Stretch lace bodysuit. Beauty note: UV Essentiel Complete Protection Antioxidant Anti-Pollution Sunscreen Broad Spectrum SPF 50.
Clockwise from top: Iridescent grained calfskin handbag, gradient metallic calfskin bucket bag and hammered metallic calfskin handbags.
Part of that grace under pressure may come down to her training as a dancer. While she preferred the Dance Moms-style competitions she participated in as a kid in North Carolina, with their distinctly "NASCAR vibe," ballet, she says, seemed like the "classy" progression from that scene. "But the thing is, I loved dancing like that, I fucking loved it," she says, recalling trips to Myrtle Beach with her dad and sister Rainey for the Showstopper finals where everyone just danced their butts off. "It was so much fun. Really. It was some of the best times of my life."
We will all get to see Qualley dancing her butt off when she appears as Ginger Rogers opposite Jamie Bell (of Billy Elliot fame) in the upcoming feature film Fred & Ginger. Why does a dance movie feel so right, right now? "I've been thinking a lot about this particular moment we're in," Qualley says. "Cynicism and the idea of being 'cool' is just so not attractive anymore. And there's nothing less cynical than a musical. Dancing is just so unabashedly pure and daring and somewhat embarrassing in the best way."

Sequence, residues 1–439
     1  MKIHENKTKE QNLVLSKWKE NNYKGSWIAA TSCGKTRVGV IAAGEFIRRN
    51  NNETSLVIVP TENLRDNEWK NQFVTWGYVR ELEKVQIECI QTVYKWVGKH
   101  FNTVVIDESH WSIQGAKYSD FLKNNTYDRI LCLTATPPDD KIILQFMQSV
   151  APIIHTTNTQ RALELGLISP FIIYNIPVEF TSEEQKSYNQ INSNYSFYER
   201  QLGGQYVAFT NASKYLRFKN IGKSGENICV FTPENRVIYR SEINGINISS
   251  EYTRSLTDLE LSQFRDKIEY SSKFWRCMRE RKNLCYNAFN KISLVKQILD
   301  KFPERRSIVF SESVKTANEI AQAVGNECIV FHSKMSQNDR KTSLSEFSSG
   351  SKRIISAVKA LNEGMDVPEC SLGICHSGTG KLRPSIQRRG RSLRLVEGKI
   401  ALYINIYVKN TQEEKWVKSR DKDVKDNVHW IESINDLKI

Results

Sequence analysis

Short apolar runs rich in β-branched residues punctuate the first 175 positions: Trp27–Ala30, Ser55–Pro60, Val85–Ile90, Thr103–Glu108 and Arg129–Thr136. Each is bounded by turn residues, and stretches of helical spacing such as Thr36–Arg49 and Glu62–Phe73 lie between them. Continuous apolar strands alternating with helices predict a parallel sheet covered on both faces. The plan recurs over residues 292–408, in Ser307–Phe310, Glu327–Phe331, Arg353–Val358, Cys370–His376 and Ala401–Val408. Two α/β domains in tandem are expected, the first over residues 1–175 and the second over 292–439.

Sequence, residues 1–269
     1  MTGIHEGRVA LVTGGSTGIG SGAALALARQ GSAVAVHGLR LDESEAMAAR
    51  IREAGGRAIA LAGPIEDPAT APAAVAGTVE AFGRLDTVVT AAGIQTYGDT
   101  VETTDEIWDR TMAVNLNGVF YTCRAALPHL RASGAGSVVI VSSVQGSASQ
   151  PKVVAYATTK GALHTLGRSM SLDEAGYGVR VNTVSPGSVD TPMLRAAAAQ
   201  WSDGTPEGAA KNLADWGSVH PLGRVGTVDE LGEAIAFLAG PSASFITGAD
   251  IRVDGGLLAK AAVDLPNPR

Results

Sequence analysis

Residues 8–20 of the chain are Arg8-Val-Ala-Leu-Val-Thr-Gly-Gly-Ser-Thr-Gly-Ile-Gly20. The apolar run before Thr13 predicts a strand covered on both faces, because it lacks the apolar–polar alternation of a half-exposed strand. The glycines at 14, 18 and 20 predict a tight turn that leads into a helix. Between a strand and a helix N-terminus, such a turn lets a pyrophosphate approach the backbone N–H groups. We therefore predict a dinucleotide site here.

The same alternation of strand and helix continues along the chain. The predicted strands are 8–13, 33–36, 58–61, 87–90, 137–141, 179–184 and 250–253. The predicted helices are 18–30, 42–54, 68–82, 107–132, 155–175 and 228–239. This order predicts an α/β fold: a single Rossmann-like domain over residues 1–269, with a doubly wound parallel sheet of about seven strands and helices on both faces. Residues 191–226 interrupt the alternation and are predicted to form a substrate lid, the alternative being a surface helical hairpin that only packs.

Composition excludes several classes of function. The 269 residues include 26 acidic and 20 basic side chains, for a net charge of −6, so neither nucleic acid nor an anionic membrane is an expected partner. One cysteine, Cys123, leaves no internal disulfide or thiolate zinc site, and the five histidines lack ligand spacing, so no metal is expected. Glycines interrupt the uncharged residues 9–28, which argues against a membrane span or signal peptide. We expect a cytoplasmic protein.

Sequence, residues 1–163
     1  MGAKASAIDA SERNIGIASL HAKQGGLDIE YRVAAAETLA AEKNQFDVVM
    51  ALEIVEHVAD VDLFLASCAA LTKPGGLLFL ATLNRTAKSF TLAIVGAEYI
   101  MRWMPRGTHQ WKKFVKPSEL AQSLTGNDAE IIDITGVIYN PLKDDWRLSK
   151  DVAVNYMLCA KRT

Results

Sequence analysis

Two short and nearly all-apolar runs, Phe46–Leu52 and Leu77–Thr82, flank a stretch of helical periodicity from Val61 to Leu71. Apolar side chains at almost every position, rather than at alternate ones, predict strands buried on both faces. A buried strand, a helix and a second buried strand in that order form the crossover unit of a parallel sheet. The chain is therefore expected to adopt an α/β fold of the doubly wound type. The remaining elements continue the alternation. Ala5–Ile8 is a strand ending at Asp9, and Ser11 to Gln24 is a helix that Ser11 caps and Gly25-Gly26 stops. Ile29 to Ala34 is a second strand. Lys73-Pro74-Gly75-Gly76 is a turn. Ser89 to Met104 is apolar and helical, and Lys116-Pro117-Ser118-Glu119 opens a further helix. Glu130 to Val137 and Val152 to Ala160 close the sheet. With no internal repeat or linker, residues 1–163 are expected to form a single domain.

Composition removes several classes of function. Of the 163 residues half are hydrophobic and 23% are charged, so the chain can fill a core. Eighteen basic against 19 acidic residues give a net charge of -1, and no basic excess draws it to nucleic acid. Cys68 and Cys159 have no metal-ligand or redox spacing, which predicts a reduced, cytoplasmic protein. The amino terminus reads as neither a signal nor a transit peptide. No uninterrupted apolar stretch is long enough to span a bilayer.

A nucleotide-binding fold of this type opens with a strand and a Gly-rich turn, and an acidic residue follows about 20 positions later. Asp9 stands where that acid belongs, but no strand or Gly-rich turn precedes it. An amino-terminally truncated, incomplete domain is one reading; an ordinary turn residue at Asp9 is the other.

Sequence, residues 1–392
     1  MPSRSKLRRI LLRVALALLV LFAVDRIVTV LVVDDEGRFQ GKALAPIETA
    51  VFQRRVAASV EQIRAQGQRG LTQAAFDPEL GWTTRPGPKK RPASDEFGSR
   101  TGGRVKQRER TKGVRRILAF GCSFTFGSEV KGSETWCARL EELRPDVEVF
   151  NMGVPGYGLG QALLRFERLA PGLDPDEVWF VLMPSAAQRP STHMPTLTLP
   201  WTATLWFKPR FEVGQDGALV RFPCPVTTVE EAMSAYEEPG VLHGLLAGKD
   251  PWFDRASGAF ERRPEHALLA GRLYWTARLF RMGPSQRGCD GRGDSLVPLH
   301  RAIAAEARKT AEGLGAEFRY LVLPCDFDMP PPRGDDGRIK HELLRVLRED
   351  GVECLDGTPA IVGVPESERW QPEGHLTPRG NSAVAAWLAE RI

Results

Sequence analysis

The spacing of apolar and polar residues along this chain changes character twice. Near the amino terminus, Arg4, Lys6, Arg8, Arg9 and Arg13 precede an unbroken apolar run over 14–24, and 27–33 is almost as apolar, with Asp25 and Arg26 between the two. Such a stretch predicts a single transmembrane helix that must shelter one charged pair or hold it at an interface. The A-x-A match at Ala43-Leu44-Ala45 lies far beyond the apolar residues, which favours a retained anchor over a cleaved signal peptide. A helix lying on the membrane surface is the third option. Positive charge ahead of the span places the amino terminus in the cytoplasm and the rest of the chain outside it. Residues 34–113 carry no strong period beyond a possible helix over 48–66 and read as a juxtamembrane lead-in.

Chanel Fall/Winter 2021 Haute Couture dress.
Her latest project, Netflix's "Maid", is more downbeat. Inspired by the best-selling 2018 memoir by Stephanie Land, Qualley's Alex is trying to make ends meet as a single mom and a house cleaner. But the silver lining for Qualley was the opportunity to work with her mom, who has several scene stealing moments as Alex's psychologically unbalanced and deeply irresponsible mother in the series. "I will say probably one of the most special moments of the entire shoot was one of the later episodes," Qualley says. "I'm sitting across the table from my mom and she's telling me she's proud of me, and she's crying. And I know that she was saying it for real. I'll never forget that."
And then there's that lamp-filled apartment. She flips her phone to a picture of her sister, "my best friend in the entire world," snuggled up on that plump new sofa, positioned underneath her housewarming gift, a large wall-mounted trophy fish. "Now I have a full, normal apartment. I can have people over and they can sit on chairs if they would like, or a couch. That feels really good." She's left a big open space in the living room so that every morning when she wakes up she can dance for fifteen minutes to her favorite music, played loud. Really, she says, more than acclaim, awards, or major acting roles, "I feel like my big goal in life is to get as close to the person I was when I first came into the planet." Smart money says she'll get there, dancing all the way.
Stretch silk crepe bodysuit. Stylist's own lace socks.